German rates key to revival, says G7: Industrial states pledge to deepen co-operation

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The Independent Online
THE GROUP of Seven leading industrial countries agreed yesterday that the revival of worldwide economic growth depended on further cuts in German interest rates and a promised boost to Japanese demand.

After five hours of largely harmonious talks, the G7 finance ministers said that in Europe, 'room for a further decline in interest rates that should make a substantial contribution to growth' would emerge as budget deficits, especially in Germany, were further curtailed. But labour costs and inflation would also have to remain subdued. British officials made clear that no further cuts in UK rates were envisaged since the current level was clearly compatible with a sustainable recovery.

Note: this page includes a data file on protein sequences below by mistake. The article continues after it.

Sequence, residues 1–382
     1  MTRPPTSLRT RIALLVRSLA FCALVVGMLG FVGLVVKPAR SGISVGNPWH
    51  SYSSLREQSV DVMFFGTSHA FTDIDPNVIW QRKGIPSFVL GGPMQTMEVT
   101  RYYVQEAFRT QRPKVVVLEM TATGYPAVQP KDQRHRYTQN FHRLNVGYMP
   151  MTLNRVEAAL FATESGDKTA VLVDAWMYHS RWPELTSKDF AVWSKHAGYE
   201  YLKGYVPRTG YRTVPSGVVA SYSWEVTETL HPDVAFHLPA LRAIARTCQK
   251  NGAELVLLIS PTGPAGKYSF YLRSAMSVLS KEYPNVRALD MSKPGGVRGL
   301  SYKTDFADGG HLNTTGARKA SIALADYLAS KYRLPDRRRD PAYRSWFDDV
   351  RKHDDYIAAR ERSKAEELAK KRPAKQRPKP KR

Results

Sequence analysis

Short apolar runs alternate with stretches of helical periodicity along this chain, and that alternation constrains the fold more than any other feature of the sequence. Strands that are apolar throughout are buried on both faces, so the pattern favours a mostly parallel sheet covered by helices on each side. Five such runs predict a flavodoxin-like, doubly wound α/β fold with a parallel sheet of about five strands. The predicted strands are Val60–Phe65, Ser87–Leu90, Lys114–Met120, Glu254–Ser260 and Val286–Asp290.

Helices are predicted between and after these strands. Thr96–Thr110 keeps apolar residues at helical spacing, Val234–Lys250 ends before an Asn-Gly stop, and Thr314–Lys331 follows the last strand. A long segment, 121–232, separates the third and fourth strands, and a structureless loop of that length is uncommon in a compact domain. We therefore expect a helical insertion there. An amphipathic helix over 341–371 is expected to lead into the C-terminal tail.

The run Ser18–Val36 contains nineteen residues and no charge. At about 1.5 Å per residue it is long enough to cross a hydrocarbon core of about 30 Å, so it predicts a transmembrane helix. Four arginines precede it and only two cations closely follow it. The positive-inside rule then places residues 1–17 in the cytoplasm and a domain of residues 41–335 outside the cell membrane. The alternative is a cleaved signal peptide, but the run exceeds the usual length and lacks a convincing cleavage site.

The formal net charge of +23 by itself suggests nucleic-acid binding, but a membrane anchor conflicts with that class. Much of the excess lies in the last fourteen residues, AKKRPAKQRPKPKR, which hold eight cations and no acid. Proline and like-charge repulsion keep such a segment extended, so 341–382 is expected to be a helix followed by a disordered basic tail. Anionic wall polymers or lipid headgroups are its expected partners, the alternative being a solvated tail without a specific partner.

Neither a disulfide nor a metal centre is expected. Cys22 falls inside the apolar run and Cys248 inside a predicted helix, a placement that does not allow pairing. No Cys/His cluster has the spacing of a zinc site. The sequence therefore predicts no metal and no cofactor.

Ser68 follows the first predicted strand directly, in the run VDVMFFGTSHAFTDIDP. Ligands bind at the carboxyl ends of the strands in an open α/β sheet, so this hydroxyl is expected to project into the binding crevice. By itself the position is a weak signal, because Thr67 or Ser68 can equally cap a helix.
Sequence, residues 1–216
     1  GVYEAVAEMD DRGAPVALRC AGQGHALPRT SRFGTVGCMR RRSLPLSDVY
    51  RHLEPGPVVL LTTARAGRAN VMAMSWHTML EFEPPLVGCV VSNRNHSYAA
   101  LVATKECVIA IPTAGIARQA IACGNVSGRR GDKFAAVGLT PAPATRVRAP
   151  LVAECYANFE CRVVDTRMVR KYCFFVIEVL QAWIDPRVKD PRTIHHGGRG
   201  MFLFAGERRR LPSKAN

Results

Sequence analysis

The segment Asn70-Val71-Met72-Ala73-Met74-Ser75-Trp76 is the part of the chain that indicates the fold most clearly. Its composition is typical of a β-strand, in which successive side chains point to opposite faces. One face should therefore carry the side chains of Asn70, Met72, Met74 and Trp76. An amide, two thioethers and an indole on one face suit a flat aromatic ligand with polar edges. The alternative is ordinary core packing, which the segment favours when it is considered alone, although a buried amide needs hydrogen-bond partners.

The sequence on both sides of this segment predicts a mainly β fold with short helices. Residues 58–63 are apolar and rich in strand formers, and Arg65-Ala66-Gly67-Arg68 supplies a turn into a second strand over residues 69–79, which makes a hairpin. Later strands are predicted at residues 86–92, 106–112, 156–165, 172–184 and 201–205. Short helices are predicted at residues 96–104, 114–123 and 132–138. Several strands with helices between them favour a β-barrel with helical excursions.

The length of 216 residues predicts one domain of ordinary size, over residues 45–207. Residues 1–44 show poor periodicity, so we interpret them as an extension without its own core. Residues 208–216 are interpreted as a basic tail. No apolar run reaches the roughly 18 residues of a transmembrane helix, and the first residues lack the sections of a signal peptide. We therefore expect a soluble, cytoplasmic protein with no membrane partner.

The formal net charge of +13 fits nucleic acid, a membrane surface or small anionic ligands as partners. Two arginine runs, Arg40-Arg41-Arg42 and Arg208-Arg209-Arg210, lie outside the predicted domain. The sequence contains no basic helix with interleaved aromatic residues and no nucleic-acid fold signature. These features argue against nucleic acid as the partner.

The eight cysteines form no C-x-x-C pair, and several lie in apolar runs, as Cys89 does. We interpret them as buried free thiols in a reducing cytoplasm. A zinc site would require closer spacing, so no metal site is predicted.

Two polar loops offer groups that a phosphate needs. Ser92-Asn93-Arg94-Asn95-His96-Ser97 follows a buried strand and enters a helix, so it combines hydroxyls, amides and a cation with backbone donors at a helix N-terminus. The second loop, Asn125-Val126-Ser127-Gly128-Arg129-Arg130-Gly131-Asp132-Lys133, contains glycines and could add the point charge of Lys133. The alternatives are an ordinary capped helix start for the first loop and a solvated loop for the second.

The finance ministers also said that the implementation of budget deficit cuts in the US and Canada would sustain the North American recovery. In Japan, meanwhile, an upturn coupled with a decline in the country's huge trade surplus depended upon boosting demand with a substantial expansion of public spending.

The ministers also revealed that they will report to the Tokyo world economic summit in July on key measures needed to sustain a recovery over the next several years. These include reforms to make labour markets, particularly in Europe, more flexible.

The ministers also urged a successful conclusion to world trade talks, deep cuts in healthcare costs, tackling the economic impact of ageing populations, measures to lift savings and investment and greater public spending on education, training and infrastructure.

They also implicitly warned against a further sharp rise in the yen and said they would cooperate closely to combat 'undesirable' volatility on the currency markets.

The ministers also urged Russia to press ahead with far-reaching measures to end hyperinflation.